By Andrew H. Perellis and Ilana Morady

If you incur response costs under CERCLA can you assert a claim under Section 107 of CERCLA, or are you limited to a contribution claim under Section 113?

By way of background, Section 107 and Section 113 provide distinct rights under CERCLA. Under Section 107, a potential responsible party (PRP) is strictly liable for all necessary costs of remediation or removal incurred at a Superfund site. Liability under Section 107 can be joint and several but it need not be if a PRP demonstrates that the harm is divisible. Under Section 113, a PRP can seek contribution from another PRP to the extent it has paid more than its equitable share of response costs. Also, the statute of limitations under Section 107 and Section 113 are different: Section 107 has a 3 or 6-year statute of limitations depending on the circumstance; Section 113 is 3 years.

Parties performing remediation under a settlement with the Government, either by way of a Consent Decree or an Administrative Order, typically press for a claim under Section 107 when suing other PRPs who have not participated in the remediation funding. As noted above, the advantages of doing so include presenting a claim for which the defendants could be held jointly and severally liable, and benefiting from a six-year statute of limitation period rather than the three-year statute of limitation period governing Section 113 claims.

In U.S. v. Atlantic Research Corp., 551 U.S. 128 (2007), the Supreme Court held that the mere fact that a party was itself liable under CERCLA did not foreclose it from asserting a claim under Section 107. Atlantic Research left unanswered, however, the question of whether a Section 107 claim could exist for a liable party itself performing remediation under a settlement where it had resolved its liability to the Government.

With its ruling in Bernstein, et al. v. Bankert, et al., and Auto Owners Mutual Insurance Company, ___ F.3d ___ (Dec. 19, 2012), the Seventh Circuit has now joined the Second, Third, Fifth, Sixth, Eight, and the Eleventh Circuits in holding that a cost recovery action under Section 107 is not available under that circumstance because a contribution claim under Section 113 is.

The Seventh Circuit’s ruling is helpful in clarifying the overlap between the two CERCLA provisions. After Atlantic Research, some courts had concluded that the key trigger for allowing a claim under Section 107 was whether the remediation was performed “voluntarily,” as opposed to being compelled by a governmental demand or order. The Seventh Circuit refused to follow this approach, noting that CERCLA does not address whether an action is or is not voluntarily. According to the Seventh Circuit, however, the statute does address permissible claims where a party has resolved its liability to the Government as part of a settlement. Where liability has been resolved, it is relegated to a Section 113 claim for contribution to obtain an allocation of liability. To allow both a Section 107 and Section 113 claim, the Seventh Circuit held, would be nonsensical because it would have the effect of nullifying the CERCLA amendment that created Section 113.

Now for the facts of Bernstein v. Bankert: Plaintiffs were trustees of a fund created to finance and oversee a cleanup project at the Third Site, a VOC-contaminated Superfund site in Indiana.  Defendants were the former owners of the Third Site — the Bankert family — and their corporate entities. In 1999, the trustees entered into an Administrative Order of Consent (AOC) with the EPA. They met their obligations under the 1999 AOC and obtained EPA approval. In 2002, they entered into another AOC. When Plaintiffs filed their case in the District Court, the work under the 2002 AOC was still ongoing.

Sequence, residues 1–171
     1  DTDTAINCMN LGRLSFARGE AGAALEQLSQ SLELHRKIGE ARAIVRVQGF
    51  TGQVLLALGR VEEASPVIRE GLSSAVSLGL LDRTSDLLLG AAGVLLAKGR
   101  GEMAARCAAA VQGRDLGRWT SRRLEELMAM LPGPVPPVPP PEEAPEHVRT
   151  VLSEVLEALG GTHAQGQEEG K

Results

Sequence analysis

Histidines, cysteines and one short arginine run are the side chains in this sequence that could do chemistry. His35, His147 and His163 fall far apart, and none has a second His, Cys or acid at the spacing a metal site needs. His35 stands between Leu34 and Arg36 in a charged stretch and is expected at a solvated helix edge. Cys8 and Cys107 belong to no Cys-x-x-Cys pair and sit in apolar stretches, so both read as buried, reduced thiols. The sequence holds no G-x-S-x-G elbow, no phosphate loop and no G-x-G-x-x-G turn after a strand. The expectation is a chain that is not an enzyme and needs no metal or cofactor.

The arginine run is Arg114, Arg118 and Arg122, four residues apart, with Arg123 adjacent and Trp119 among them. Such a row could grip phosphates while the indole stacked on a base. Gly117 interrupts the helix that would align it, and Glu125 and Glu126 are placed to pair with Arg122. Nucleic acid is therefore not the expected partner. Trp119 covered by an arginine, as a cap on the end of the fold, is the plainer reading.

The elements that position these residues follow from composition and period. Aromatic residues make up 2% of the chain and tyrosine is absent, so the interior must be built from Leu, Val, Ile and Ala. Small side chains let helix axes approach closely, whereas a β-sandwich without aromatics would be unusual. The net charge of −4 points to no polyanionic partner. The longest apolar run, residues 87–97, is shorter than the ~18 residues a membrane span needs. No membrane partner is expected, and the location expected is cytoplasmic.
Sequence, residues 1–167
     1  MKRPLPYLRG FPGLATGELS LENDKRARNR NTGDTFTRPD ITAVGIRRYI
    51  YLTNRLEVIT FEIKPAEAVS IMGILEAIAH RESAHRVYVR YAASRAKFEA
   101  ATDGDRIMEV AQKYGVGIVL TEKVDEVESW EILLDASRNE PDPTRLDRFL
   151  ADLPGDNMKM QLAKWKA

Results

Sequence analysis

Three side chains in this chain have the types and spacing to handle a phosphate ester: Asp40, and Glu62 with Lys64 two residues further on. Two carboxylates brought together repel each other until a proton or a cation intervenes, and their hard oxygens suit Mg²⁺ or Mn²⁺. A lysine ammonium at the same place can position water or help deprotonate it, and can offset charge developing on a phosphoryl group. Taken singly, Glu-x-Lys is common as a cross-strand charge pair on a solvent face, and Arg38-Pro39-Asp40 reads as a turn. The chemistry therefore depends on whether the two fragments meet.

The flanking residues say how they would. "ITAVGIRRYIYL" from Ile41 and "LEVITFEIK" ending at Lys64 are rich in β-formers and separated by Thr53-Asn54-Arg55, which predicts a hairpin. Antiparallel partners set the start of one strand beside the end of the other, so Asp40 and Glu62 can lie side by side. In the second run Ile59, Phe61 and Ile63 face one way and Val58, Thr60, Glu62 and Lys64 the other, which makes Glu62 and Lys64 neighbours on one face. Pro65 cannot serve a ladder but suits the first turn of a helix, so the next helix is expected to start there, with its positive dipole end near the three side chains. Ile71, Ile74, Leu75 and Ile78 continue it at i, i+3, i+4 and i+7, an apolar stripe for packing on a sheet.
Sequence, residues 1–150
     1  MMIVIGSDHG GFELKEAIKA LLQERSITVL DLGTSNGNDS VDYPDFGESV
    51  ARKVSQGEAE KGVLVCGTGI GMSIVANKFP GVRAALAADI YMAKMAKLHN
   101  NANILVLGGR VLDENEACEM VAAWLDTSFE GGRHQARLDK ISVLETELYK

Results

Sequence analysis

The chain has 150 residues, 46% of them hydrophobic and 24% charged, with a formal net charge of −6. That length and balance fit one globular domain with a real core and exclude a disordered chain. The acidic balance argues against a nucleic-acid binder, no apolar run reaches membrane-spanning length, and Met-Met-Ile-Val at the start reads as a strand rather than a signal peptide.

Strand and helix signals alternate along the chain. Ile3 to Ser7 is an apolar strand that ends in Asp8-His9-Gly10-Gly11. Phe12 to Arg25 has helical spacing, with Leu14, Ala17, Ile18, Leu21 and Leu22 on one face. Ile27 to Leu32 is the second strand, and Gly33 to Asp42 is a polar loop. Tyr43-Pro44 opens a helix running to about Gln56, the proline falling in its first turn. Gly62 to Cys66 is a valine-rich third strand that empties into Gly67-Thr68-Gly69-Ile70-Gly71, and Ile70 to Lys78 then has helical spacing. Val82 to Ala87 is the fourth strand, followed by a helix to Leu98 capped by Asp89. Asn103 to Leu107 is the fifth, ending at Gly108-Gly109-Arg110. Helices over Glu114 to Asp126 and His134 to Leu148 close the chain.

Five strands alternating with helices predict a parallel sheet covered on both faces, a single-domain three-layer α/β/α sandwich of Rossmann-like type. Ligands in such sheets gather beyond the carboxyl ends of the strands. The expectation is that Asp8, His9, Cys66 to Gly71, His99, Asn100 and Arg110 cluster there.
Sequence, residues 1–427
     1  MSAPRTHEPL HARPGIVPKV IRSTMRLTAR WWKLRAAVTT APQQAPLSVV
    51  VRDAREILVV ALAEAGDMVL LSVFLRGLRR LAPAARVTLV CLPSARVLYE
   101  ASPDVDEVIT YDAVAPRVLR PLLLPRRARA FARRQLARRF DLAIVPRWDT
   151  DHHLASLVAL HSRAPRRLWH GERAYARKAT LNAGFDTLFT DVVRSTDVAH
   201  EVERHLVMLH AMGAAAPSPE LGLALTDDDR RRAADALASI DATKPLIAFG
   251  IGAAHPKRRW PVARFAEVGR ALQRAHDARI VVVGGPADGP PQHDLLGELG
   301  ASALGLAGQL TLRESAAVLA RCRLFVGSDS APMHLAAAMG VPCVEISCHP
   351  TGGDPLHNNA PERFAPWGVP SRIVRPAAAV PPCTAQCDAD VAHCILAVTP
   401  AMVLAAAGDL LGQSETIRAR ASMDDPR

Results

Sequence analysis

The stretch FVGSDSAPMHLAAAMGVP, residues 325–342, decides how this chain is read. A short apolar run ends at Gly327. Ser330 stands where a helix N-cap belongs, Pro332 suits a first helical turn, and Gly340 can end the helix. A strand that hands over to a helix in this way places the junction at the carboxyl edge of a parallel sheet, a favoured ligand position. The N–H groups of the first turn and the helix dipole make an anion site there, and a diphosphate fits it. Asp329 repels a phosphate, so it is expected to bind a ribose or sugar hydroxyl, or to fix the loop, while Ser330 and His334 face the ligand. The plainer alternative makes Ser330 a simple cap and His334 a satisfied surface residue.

Under both the 1999 and 2002 AOCs, the trustees could hold and manage funds, obtain additional funds as needed from the settlors, and file suit against those who did not meet their obligations to the trust. Plaintiffs filed their six-count complaint against the Bankerts because the Bankerts did not pay into the trust or meet their other obligations under the trust. Count 1 of the complaint was brought as a CERCLA Section 107 cost recovery action. The District Court dismissed Count 1 because it construed that count as a Section 113 contribution claim that was barred by the statute of limitations. Plaintiffs appealed to the Seventh Circuit.

In reviewing Plaintiffs’ appeal, the Seventh Circuit first looked at whether Plaintiffs’ claim, asserted as a claim for cost recovery, was truly a Section 107 or Section 113 claim. It did so by looking at the claim from two perspectives: the 1999 AOC and the 2002 AOC. As for the 1999 AOC, the Court held that Plaintiffs’ claim was for contribution under Section 113 because the trust had resolved its liability to the U.S. when it brought the claim. Even though the trust also incurred necessary response costs consistent with the National Contingency Plan, the Court found that a Section 107 clam was unavailable. Because the three-year statute of limitations on a contribution claim had passed, the Court’s decision meant it was too late for the trustees to recover costs they incurred in carrying out the 1999 AOC.

As for the 2002 AOC, however, the Court held differently. Because the trustees had not been subject to a civil action under Section 106 or Section 107 or resolved its liability to the government, the Plaintiffs fell in the cost recovery bucket. The statute of limitations had not yet been triggered (because the removal action under the 2002 AOC was still ongoing), so the claim survived.

It remains to be seen how other Circuit Courts of Appeals will address the issues underlying this case. The clear trend, however, is that cost recovery actions under Section 107 are not available when contribution claims under Section 113 are!